The Winchester Walk
We start our 2 hours walk at the Tourist Information Center in the Guildhall (there is an Art Gallery here). Turn right towards King Alfred’s monument. The High Street started life as a routeway some 2,500 years ago leading to a crossing point to the River Itchen. It was the main thoroughfare for Roman, Saxon, and medieval Winchester and lays claim to be the oldest street in any English city.
The City Bridge is said to have been built by St. Swithun, the 9th century Bishop and patron saint of the city. The current structure was built in 1813. Turn right and follow the river walk. To your right is a surviving remnant of the original Roman Town Walls. The River Itchen provided part of the eastern defences by forming a moat. It also provided power for 12 mills. Continue to Wharf Mill, which is on the site of a medieval mill. Turn right to see the best-preserved part of the medieval City Walls. Continue to the ruins of the Wolvesey Castle.
Opposite is Winchester College, founded in 1382. It is the oldest public school in England. Cross College Street and continue to the main College gate and past Headmaster house. The next building is where Jane Austin spent her final weeks. At the end of College Street turn right to face Kingsgate. Continuing through the gateway, you come to the Close Wall built in Saxon times to separate the monastic communities from the rest of the town. Turn right and go through Prior’s Gate. On your right is the medieval Cheyney Court, where bishops met to hear legal cases involving the area they controlled. Heading towards the Cathedral, note the blocked arches in the wall on your right. They provided the entry to the medieval monk’s dormitory.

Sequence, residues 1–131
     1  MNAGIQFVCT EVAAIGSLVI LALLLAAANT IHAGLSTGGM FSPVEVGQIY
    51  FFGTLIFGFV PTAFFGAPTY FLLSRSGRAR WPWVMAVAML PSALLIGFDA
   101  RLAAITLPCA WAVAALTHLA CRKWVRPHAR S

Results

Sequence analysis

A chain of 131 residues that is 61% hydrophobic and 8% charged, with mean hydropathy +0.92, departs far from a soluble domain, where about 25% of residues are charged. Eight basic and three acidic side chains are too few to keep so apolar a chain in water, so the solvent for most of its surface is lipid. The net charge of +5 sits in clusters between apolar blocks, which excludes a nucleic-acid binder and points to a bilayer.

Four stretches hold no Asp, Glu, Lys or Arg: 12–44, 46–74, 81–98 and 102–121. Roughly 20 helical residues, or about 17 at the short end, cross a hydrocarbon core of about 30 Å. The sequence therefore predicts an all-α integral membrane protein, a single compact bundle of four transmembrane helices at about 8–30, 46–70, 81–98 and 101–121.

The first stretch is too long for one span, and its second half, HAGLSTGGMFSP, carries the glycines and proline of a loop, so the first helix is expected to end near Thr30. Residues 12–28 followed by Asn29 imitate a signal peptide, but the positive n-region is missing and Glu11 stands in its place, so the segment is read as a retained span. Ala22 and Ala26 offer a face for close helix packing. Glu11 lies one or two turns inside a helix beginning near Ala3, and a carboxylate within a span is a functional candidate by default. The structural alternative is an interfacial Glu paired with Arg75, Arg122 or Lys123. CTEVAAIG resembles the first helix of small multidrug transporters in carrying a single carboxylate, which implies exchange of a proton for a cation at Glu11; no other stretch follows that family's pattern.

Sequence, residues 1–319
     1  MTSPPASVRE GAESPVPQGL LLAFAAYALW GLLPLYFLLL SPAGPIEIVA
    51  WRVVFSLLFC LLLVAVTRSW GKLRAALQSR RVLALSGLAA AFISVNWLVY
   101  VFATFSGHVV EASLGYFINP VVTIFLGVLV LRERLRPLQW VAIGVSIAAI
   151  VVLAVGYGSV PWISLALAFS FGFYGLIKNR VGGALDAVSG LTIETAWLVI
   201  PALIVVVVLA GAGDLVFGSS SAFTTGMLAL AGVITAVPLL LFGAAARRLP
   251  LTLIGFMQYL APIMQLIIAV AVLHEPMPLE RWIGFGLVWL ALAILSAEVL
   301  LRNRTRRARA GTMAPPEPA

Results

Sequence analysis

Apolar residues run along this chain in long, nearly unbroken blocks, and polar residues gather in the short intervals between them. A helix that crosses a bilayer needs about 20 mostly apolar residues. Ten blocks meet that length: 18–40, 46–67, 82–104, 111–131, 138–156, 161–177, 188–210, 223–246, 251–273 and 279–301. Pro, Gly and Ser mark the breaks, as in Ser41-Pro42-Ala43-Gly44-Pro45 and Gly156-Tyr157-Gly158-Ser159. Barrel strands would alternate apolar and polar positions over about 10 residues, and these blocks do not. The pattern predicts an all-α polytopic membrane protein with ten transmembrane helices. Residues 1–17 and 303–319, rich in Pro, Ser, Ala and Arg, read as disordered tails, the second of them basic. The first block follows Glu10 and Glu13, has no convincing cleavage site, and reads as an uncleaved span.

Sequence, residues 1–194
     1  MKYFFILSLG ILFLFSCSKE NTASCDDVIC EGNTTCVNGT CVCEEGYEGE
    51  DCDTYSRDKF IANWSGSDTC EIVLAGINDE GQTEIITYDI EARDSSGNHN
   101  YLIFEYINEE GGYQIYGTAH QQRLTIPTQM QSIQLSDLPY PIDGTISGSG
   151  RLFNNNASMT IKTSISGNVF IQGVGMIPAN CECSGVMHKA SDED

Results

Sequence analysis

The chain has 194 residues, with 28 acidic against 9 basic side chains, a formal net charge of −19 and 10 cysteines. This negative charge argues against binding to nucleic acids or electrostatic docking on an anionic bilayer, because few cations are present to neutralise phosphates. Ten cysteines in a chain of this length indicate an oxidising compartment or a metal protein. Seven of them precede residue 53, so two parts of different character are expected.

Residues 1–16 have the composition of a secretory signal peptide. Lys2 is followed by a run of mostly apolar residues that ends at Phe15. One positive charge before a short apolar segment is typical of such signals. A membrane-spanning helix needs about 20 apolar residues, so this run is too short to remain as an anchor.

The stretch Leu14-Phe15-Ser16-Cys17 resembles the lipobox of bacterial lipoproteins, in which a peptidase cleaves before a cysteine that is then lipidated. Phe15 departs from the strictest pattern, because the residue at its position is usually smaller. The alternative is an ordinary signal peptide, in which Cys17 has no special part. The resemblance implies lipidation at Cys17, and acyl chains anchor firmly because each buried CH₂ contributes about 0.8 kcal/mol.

From the Cathedral, walk towards the High Street. Just ahead is the Butter Cross, on this site since early 14th century. The Town Clock and the statue of Queen Anne were presented to the City in 1713. Continue up the High Street, straight ahead is the Westgate; here turn left up to the Great Hall.
- Family Travel
Jane Austin House
This house on College street, a few steps away from the Kingsgate, is the place where Jane Austin lived the last 6 weeks of her life and died on 18th July 1817. Famous English writer is buried in the Cathedral.
- Family Travel
Walking to St. Giles Hill
It is a bit of a climb to St. Giles hill but the views over the city are very good. Nearby is the romantic sounding Sunset Walk.
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